The end of the summer is getting closer; temperatures have already started to drop so we spend way more time in our backyards. Many people agree that this is the best period of the year.
Well, I prefer using the words “almost the best”. Flying pests are still here and most likely won’t leave for a few more weeks.
I’ve been purchasing different products to get rid of these nuisances. Some of them worked, but honestly, their price made me look for new solutions.
In this article, I’ll show you 3 brilliant DIY bug traps that will help you eliminate fruit flies and gnats as well as the most annoying pests of all time, those that bite, of course.
Let’s get started!
1. Make A Trap Using Mason Jars
Let’s be honest, even though gnats and fruit flies aren’t dangerous, the very thought of them flying around me or my food makes me uncomfortable.
So, the trap I’m about to show you will help you get rid of these pests in no time.
First, you need to gather the equipment. Luckily, you’ll only need a few things; start with a mason jar. Basically, any jar or small container will work, but I prefer using wide-mouth mason jars with a metal lid.
You should also prepare a pair of sharp-pointed scissors, apple cider vinegar, and a few drops of dish soap.
Now take the metal lid and make a few small holes using the scissors. Some people simply cover the jar with plastic wrap, punch a couple of holes, and secure everything with a rubber band. Well, I prefer to stay on the safe side.
Pour some apple cider vinegar into the jar along with the dish soap and put the lid on. The role of dish soap is to trap the wings of fruit flies and gnats so that they can’t escape. That’s it!
2. Use A Plastic Bottle
I’m sure you’ve already seen people using plastic bottles as a pest-elimination method. Interestingly, you can use them to get rid of various pests, such as mosquitoes, flies, wasps, and hornets. But, the bait differs for each pest.
Let’s first prepare the bottle and then make the bait. Prepare any rigid plastic bottle with a narrower upper part. I use 2-liter bottles since they’re the most common.
You should remove the upper part of the bottle at the point where it starts to narrow. Invert the cut part, put it back in the bottle, and secure everything with tape.
You can also make 2 holes on opposite sides of the bottle, put a wire through them, and hang the bottle somewhere.
Bait is actually the most important part of this technique. Let’s see which bait to use for specific pest species.
There are some great DIY mosquito repellents, but this one is my favorite. You need to prepare a ¼ cup of brown sugar, a cup of hot water, and a few drops of dish soap. I’ve seen that some people add yeast to this mixture but I think that sugar is enough.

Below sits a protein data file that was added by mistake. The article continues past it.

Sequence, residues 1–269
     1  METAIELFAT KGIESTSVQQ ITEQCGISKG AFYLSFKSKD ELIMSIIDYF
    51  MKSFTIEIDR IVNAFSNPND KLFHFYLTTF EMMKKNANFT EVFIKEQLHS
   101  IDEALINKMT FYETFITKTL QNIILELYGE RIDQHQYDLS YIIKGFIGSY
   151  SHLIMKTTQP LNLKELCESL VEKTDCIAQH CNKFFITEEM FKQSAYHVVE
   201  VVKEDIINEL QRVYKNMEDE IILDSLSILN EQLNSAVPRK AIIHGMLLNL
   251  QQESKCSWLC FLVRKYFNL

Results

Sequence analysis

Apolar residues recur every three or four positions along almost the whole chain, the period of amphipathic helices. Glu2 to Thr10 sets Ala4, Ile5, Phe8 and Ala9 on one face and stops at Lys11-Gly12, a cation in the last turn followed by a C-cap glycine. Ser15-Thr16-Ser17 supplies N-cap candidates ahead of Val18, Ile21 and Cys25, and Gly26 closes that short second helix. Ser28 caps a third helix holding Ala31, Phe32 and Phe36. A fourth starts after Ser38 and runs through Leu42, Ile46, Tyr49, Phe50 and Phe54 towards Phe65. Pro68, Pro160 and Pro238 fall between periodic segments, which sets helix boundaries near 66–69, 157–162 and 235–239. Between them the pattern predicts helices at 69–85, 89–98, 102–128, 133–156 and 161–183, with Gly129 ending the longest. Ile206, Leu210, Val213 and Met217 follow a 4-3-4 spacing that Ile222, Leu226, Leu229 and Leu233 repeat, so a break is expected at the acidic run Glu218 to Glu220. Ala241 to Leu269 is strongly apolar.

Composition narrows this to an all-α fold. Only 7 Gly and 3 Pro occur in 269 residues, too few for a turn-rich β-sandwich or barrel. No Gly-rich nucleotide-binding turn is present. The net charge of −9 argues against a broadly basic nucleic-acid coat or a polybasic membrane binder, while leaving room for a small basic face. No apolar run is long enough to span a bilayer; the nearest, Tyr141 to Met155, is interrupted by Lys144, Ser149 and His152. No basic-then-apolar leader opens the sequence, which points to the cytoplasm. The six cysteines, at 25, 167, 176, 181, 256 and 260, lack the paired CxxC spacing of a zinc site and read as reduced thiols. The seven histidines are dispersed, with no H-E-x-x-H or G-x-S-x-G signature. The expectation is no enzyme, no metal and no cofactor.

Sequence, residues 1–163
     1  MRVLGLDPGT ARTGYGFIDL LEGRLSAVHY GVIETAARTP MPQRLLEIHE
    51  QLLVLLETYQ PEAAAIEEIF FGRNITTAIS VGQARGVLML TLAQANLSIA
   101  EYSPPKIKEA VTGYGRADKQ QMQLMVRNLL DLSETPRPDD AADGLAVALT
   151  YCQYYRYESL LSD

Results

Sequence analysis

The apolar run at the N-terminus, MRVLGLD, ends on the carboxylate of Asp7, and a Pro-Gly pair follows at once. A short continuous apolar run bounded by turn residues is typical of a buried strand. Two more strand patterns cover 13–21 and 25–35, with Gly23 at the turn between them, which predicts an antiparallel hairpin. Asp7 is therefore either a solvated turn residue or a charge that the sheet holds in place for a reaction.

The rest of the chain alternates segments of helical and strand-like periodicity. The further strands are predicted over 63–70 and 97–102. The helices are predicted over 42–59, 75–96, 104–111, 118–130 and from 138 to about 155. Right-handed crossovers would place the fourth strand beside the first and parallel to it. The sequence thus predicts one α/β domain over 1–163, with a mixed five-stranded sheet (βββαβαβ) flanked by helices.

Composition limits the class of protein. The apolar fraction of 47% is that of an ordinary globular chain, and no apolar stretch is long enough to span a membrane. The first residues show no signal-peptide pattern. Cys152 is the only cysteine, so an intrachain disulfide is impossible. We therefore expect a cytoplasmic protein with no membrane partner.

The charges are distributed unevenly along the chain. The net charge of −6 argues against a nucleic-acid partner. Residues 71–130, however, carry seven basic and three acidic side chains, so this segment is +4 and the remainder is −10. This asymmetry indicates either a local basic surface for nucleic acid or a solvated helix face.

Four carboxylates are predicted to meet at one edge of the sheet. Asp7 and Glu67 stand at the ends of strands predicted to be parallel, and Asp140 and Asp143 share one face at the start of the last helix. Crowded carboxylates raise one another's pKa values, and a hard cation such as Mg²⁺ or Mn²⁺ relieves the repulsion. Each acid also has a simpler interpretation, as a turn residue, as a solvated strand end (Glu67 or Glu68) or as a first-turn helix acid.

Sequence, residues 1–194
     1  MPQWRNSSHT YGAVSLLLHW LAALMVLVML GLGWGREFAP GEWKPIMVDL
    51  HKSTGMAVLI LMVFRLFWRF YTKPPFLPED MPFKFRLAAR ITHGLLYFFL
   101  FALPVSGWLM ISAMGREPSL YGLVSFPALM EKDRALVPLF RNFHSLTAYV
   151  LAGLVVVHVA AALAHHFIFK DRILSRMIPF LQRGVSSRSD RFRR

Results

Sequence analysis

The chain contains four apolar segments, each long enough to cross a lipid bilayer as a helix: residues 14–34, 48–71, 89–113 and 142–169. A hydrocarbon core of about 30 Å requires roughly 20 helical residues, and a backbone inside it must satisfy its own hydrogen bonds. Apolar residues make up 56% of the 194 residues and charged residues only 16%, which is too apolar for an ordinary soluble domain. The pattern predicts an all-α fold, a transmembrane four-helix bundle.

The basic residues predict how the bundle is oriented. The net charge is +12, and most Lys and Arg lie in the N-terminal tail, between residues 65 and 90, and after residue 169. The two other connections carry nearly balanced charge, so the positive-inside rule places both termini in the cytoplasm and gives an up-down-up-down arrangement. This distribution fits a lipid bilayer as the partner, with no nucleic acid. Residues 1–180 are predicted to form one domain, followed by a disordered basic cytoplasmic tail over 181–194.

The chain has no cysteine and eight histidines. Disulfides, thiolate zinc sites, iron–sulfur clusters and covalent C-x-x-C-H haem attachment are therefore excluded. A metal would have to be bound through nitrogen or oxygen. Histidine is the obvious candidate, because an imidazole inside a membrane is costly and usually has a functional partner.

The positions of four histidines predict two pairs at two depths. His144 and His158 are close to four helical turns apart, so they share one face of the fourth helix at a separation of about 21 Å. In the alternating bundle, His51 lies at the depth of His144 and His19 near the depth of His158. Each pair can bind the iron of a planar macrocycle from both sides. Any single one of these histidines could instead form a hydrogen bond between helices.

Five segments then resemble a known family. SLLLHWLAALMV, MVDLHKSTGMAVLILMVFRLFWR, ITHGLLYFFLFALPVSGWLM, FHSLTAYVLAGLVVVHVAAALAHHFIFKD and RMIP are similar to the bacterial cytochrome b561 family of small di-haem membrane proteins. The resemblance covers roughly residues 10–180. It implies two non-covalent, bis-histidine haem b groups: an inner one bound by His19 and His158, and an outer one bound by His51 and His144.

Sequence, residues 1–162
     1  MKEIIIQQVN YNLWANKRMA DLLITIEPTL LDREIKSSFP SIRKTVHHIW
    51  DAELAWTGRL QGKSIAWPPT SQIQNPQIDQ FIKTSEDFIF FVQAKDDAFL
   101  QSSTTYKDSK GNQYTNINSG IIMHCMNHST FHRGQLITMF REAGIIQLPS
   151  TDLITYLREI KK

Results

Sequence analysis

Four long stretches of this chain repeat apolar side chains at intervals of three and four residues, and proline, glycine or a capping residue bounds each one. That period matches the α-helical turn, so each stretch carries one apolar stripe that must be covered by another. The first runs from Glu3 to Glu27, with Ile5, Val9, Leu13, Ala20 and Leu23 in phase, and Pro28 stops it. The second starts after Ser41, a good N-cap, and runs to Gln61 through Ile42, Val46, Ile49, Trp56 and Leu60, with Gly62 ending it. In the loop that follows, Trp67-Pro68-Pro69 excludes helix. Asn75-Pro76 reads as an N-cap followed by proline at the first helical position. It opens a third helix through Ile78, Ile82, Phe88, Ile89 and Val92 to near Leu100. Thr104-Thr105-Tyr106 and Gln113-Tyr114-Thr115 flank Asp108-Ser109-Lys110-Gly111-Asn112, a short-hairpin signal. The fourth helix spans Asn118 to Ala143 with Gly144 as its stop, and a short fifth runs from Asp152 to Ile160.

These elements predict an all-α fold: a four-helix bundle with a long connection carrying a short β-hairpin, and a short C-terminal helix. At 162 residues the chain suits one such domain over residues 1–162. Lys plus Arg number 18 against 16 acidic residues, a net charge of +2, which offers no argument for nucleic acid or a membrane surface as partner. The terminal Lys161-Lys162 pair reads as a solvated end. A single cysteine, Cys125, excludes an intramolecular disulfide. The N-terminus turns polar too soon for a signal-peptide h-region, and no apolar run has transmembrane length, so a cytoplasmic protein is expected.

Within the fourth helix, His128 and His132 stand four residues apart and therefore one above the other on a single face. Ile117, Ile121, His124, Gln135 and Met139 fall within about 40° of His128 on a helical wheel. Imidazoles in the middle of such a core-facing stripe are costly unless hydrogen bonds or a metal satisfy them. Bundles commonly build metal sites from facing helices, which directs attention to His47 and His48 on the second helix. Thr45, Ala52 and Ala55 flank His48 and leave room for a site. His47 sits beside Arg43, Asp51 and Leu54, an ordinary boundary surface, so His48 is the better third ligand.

Dissolve the sugar in water, add dish soap, and your solution is ready. I recommend putting the bottle in a shadier spot and painting it in some color.
If you want to attract flies to the bottle, simply add a few drops of fruit-scented dish soap to the water. Instead of sugar, I recommend adding some decomposing fruit.
Hornet and wasp trap
Nothing scares me more than murder hornets so I start preparing for the battle as soon as the spring arrives.
First, you need to mix water and dish soap and then add grease from cooked meat. Alternatively, you can use mashed up fish. I guess these guys really know about good food.
You can also use the standard mix of 1 part water and 1 part sugar and apple cider vinegar or similar. I always keep this mixture in a well-lit and sunny spot.
Even though this method works for mosquitoes, flies, and other insects, I use it specifically for murder hornets.
3. Use An Untreated Cedar Picket
Generally speaking, male carpenter bees don’t pose a threat to humans but females do sting sometimes and, for me, that’s a valid reason to keep them at bay.
Another reason why I don’t want these creatures in my garden is the holes they leave after they visit wooden structures in my yard.
Instead of painting or treating your wooden structures with off-the-shelf products, here’s what you can do instead. Purchase a cedar picket; I recommend using one that’s about 6 feet in length, 5 inches in width, and half an inch thick.
Cut it into about 6 pieces, each should be approximately 10 inches long. Also make a square that measures ⅞ inches.
Join all the pieces by putting the square piece at the bottom, four pieces to the sides, and two to cover the top. Put the plastic bottle in the center. If you want it to hang, simply attach the hook to the top.
Now take a half-inch drill and make holes; one into the central part of the bottle cap and two at the sides. Don’t worry, bees will most certainly find their way into the bottle. The good thing is that you can take the bottle out (don’t unscrew it) and safely discard it.
Controlling pests in general is a hard task for everyone. Even though most of them aren’t harmful to humans, some may wreak havoc on our properties in the case of severe infestation. Simply make the bug traps I’ve shown you above, and enjoy the rest of the summer!